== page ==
This section is from the book "Cyclopedia Of Architecture, Carpentry, And Building", by James C. et al. Also available from Amazon: Cyclopedia Of Architecture, Carpentry And Building.
At the ridge of a roof where the two slopes meet there must be some special provision made for the proper finish of the roof covering, something for the shingling or slating to finish on as well as some adequate means of covering and making watertight the joint which occurs at this place. There is usually a ridge board, or ridgepole, which receives the rafters, and this piece may be cut off just at the ridge so that the rough roof boarding goes over it, or it may be made wider and may project up above the roof boarding, so that this boarding stops against it instead of going over it. The two different methods call for different kinds of ridge finish. The first is the most simple, and may be taken care of as shown in Fig. 287. Here, A is the ridge board, BB are the rafters, E is the roof boarding, C is the shingling, and D is the finish at the ridge, consisting of two pieces of board about 6 or 8 inches wide and 7/8 inch thick, which are nailed on top of the shingling to form a finish. In case the ridge board is carried up above the roof boarding, it is customary to make the ridge finish of galvanized iron or of copper or other metal. This may be done very simply, as shown in Fig. 288. Here the ridge board is extended above the roof boarding and around it is shaped a strip of galvanized iron or copper or zinc, which is continued down over the shingles of the roof so as to form a flashing. This makes a good ridge finish and one which is water-tight if it is properly put on. The galvanized iron should be flashed down over the shingles for a distance of at least 6 inches. It is not necessary that the ridge board should be extended above the roof boarding. The same result may be accomplished by nailing a separate piece of 2 X 4-inch or 2 X 5-inch scantling to the top of the shingles, running lengthwise of the roof, to form a ridge over which the metal may be shaped. This method may perhaps make a tighter job than the other.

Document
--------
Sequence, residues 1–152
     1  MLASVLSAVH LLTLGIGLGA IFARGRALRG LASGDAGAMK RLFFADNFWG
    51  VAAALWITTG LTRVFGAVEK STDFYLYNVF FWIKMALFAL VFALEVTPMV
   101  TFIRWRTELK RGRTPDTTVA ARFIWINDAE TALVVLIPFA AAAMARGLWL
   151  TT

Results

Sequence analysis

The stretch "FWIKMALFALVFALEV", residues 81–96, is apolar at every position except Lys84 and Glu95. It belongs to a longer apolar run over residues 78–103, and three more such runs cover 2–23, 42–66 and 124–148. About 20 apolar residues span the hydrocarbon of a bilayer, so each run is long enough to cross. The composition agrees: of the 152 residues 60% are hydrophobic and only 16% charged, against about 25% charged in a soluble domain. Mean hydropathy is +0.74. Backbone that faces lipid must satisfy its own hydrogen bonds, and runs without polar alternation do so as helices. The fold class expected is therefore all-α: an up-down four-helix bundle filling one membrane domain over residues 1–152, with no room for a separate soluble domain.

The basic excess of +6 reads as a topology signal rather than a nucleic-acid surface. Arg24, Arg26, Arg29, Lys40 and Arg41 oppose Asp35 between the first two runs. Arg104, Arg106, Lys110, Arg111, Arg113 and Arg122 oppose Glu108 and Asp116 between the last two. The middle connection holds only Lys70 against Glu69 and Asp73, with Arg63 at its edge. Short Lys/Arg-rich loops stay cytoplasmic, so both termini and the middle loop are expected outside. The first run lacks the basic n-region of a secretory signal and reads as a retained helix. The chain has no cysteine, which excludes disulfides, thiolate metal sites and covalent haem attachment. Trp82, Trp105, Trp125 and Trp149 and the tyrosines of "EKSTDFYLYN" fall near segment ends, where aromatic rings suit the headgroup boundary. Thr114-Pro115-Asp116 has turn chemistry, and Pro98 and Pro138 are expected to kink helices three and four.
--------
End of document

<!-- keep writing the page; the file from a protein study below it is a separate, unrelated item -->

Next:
Fig. 287. Simple Ridge Finish.
Fig. 288. Galvanized Iron Ridge Finish.